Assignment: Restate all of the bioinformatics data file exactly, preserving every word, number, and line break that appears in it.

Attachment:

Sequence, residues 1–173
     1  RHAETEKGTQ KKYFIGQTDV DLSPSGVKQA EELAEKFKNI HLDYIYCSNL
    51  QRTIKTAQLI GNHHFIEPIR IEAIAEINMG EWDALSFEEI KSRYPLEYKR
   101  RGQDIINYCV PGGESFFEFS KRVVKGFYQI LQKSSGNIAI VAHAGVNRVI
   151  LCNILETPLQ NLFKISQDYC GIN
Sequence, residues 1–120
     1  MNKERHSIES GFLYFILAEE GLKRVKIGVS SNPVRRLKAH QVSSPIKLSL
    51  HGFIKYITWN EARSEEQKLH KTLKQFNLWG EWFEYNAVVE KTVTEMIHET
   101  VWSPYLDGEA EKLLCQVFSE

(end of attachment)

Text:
Sequence, residues 1–173
     1  RHAETEKGTQ KKYFIGQTDV DLSPSGVKQA EELAEKFKNI HLDYIYCSNL
    51  QRTIKTAQLI GNHHFIEPIR IEAIAEINMG EWDALSFEEI KSRYPLEYKR
   101  RGQDIINYCV PGGESFFEFS KRVVKGFYQI LQKSSGNIAI VAHAGVNRVI
   151  LCNILETPLQ NLFKISQDYC GIN
Sequence, residues 1–120
     1  MNKERHSIES GFLYFILAEE GLKRVKIGVS SNPVRRLKAH QVSSPIKLSL
    51  HGFIKYITWN EARSEEQKLH KTLKQFNLWG EWFEYNAVVE KTVTEMIHET
   101  VWSPYLDGEA EKLLCQVFSE